Rodney Clavell’s son blames his father for descent into steroid use and violent crime

THE son of Rodney Clavell has blamed his fugitive father’s influence for a steroid-fuelled spree of driving, drug and assault offences — but says he will rehabilitate by turning to Islam.

The Adelaide Magistrates Court today branded Daniel Joel Clavell “belligerent and defiant” as it sentenced him for a series of offences committed between August 2013 and January this year.

Clavell repeatedly drove without a licence, had steroids in his possession, assaulted a man in his 60s without provocation and intimidated another by “baring his teeth like a dog”.

But defence lawyer Nikki Conley said the criminal acts of her client — who smirked, yawned and tapped his fingers throughout the hearing — could be traced back to his infamous father.

Rodney Clavell is South Australia’s most wanted man, and twice last week escaped a police dragnet.

“His father was a prison guard, and my client had a fairly stable life until his father developed a drug problem and decided to go downhill from there,” she said.

“He began taking steroids as a result of his father’s influence … his father has not been the best role model or support for my client, and not a very good influence, either.”

Clavell, 26, today pleaded guilty to four counts of driving without a licence, one count of driving with methylamphetamine in his system and one count of possessing a prescription drug.

He further admitted three basic and one aggravated count of assault — all offences took place between August 2013 and January 2014.

Matthew Stones, prosecuting, said Clavell was repeatedly caught driving in and around the Victor Harbor area despite “never having had a licence”.

Clavell resumed driving after each charge, in a different car each time, and had failed to pay $4543.60 in impound fees.

The first assault occurred in a Victor Harbor cafe, when Clavell punched a 38-year-old man in the head “without provocation”.

He said the second and third assaults took place at Glenelg within hours of one another.

“A 67-year-old man was walking along Jetty Rd … Clavell said ‘what are you f–king looking at?’ and the victim replied ‘nothing, mate, I’m good, it’s cool’,” he said.

“Clavell then punched him once in the side of the stomach saying ‘f–k you paedophiles’.”

He said the third assault occurred at the block of units where Clavell lived — he approached a fellow resident, “became verbally aggressive” and accused him of stealing mail.

“Clavell said ‘if you ever take mail out of my mailbox I will punch your head in, f–king paedophile dog’, showed his teeth in the way a dog would, and punched him,” he said.

“Clavell then said ‘don’t go to the cops, I will know if you do and I will bash your f–king head in.

The final assault occurred three days later at a gym where, without provocation, Clavell accused a fellow patron of “looking at little girls” and punched him.

Ms Conley told the court her client agreed there was “absolutely no excuse” for his actions, but she wanted to explain them.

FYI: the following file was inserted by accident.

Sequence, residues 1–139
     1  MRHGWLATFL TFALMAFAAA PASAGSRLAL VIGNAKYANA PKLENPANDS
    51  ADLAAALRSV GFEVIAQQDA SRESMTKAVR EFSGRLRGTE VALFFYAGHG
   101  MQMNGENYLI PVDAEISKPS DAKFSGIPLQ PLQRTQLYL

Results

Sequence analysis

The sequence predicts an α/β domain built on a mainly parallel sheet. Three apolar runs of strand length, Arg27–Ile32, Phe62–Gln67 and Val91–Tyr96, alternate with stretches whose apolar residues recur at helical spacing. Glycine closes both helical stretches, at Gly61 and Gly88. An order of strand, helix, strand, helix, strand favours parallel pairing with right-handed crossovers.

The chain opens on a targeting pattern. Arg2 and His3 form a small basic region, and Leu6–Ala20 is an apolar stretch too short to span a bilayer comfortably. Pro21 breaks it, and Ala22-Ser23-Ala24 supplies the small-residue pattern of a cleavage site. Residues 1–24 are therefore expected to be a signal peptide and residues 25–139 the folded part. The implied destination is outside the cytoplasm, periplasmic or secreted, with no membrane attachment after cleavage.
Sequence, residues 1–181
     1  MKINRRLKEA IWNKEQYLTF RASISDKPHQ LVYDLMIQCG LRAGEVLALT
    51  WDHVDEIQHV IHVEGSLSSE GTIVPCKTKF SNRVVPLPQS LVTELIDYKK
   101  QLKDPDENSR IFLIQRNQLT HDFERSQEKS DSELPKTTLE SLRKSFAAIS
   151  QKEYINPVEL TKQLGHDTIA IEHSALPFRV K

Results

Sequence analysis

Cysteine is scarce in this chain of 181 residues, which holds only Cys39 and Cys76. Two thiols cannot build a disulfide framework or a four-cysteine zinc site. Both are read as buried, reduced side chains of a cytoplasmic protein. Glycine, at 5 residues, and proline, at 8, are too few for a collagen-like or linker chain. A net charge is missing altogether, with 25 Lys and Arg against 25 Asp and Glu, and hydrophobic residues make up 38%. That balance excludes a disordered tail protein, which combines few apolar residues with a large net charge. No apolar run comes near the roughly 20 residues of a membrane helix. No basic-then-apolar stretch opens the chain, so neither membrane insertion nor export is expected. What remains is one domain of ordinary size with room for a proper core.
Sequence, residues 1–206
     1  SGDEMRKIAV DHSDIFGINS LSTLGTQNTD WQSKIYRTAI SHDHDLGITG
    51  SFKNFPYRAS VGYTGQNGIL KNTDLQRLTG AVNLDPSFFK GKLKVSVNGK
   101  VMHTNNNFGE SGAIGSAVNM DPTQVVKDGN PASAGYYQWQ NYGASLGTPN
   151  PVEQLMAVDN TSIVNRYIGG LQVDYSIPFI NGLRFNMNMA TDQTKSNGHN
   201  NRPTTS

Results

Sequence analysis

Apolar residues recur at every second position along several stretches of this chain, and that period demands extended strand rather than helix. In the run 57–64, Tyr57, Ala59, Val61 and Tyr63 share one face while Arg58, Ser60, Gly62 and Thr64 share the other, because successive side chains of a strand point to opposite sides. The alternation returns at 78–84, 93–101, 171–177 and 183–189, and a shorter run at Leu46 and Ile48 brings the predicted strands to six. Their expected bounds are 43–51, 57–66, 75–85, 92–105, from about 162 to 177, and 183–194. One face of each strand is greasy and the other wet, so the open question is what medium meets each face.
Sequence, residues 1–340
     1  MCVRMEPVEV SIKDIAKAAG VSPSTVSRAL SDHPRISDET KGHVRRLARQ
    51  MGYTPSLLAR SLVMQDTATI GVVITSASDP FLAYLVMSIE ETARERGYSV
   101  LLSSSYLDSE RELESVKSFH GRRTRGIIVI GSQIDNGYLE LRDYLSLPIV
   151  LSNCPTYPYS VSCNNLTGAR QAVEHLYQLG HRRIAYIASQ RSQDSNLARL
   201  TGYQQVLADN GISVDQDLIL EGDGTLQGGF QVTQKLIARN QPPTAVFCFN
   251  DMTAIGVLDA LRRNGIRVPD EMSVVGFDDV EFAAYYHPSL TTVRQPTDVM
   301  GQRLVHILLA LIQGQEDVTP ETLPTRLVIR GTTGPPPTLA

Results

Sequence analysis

“He has been a long-time user of steroids and first began taking them when he was 16, and when he was influenced by his father,” she said.

“My client likes to train and keep fit, and steroids help with muscle repair … (at the time of the offences) he had increased his dose to 2-3mL.

“This resulted in feelings of aggression and anger and, he instructs, a ‘shorter fuse’ (so that) a very minor trigger could cause him to snap without thinking about the consequences.”

Ms Conley said Clavell was the second-eldest of 10 children who had a long offending history and had spent much of his adult life in jail — some of it “in the same places as his father”.

“He has recently become a Muslim and has been dedicating most of his time recently to studying the Koran,” she said.

“He has gained a lot of insight into his past behaviour (and) has no intention of taking drugs when he is released … his new-found faith has changed his life.”

In sentencing, Magistrate Sue O’Connor acknowledged Clavell’s life with his father was “disruptive, dysfunctional” and “lacking in censure”.

However, she said his offences displayed belligerence and defiance, and that his steroid use was prompted by “vanity and health”.

Ms O’Connor said the assaults concerned her most as they were “random, unwarranted, inexcusable, inexplicable and completely unwarranted”.

“These citizens had done nothing wrong, had not provoked you,” she said.

“You picked on perfect strangers and deprived them of their enjoyment of life or their feelings of safety, and then shocked them with unprovoked attacks.”

She said that, even with his conversation, she had doubts about Clavell’s prospects for rehabilitation.

“There is certainly a defiant streak and you do things your own way,” she said.

Ms O’Connor imposed a single three year and four month jail term for all offences, with a 26-month non-parole period.

She disqualified Clavell from driving for three years, and ordered he pay the outstanding impound fees.

http://www.heraldsun.com.au/news/national/rodney-clavells-son-daniel-blames-his-fugitive-father-for-descent-into-steroid-use-and-violent-crime/story-fnii5yv7-1226931836275

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